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Dell Precision T5600: Two Eight-Core CPUs In A Workstation

Results: NewTek LightWave 3D 11.5, E-on Vue 11, And Blender

NewTek LightWave 3D 11.5

If you've followed our revamped workstation coverage, you know that our 3D application testing started with LightWave. This is based purely on my familiarity with that product.

LightWave 3D Rendering

This scene originated in LightWave and is probably best optimized for it. It has numerous n-gons (polygons with more than four points) that keep geometry manageable, but then get necessarily tripled before getting exported to other applications. In all four frames, the difference between the two machines is close to a factor of three.

LightWave 3D OpenGL Preview

The OpenGL preview in LightWave serves the same purpose as the animation preview in 3dsMax and the playblast in Maya and works similarly. We run the preview test in the older multitextureshaders and the newer GLSL modes. The multitextureshaders are designed to work with more antiquated OpenGL systems and are incredibly fast for generating previews, while the GLSL technique uses shaders that evaluate much more of the surface options, including bump mapping and procedurals. Naturally, the GLSL mode takes a lot longer than the older mode, and the single-threaded nature of the preview means that the baseline machine comes out faster in GLSL. Thanks for that, higher clock rates and Intel's Ivy Bridge architecture.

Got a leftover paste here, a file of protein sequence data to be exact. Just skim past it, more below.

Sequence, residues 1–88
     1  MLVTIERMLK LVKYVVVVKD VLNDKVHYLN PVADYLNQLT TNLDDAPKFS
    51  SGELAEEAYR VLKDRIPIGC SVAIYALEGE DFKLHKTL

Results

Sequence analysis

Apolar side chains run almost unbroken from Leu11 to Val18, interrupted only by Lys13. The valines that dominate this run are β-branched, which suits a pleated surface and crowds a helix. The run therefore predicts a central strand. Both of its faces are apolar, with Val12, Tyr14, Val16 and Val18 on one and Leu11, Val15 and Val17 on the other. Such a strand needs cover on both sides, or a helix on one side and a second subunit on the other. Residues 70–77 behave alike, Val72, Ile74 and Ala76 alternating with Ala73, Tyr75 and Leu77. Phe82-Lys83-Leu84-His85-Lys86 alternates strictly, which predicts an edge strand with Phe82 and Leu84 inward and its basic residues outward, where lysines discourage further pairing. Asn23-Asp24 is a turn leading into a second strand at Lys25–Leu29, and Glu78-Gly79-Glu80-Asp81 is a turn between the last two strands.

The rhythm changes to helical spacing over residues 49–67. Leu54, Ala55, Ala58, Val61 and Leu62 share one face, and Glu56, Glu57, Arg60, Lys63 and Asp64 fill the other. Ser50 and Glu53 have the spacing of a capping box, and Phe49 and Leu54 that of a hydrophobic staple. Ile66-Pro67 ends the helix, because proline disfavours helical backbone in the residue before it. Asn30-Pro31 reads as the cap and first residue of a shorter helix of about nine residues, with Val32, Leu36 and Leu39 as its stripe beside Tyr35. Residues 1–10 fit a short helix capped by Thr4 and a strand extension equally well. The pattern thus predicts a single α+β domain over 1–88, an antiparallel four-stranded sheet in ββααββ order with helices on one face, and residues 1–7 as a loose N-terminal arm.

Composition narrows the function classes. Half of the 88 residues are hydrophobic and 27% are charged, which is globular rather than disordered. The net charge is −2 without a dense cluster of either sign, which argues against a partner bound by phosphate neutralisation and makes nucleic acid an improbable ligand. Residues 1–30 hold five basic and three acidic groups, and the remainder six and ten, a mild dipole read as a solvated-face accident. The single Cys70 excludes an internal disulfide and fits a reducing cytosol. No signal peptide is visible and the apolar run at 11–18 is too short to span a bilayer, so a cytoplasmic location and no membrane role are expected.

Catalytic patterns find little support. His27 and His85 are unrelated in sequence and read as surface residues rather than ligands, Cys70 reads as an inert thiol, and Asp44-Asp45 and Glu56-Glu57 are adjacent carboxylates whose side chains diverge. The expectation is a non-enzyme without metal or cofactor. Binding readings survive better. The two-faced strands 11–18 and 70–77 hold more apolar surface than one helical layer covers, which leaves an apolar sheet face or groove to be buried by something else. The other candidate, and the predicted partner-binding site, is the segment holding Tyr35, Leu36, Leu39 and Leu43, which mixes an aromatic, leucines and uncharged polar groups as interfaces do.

LightWave 3D Modeler

This test uses a script within LightWave to clone polygonal geometry across the surface of our Tom's Hardware logo object. That, in a few separate stages, is how the detailing for the logo was created. The metric also reports how much time it takes to complete this operation. Even though Modeler is largely single-threaded, the test responds extremely well to the T5600's additional memory bandwidth, wrapping up in less than half the time of our baseline system.

E-on Vue 11 PLE

E-on’s Vue is a piece of 3D software designed for rendering landscapes. Our scene was originally created in Vue 8, and we load it into the current Personal Learning Edition for rendering. Vue makes good use of the Xeon E5-2687W's extra cores and memory bandwidth, yielding a 3.5x-faster result than the baseline.


Blender’s new Cycles renderer is more modern and efficient than the previous Tiles renderer. It supports newer features, including GPU-based rendering. But in this test, we’re performing a purely CPU-based benchmark. As we’ve seen with several other render tests, the Precision T5600 comes out slightly more than three times faster than iBuyPower box.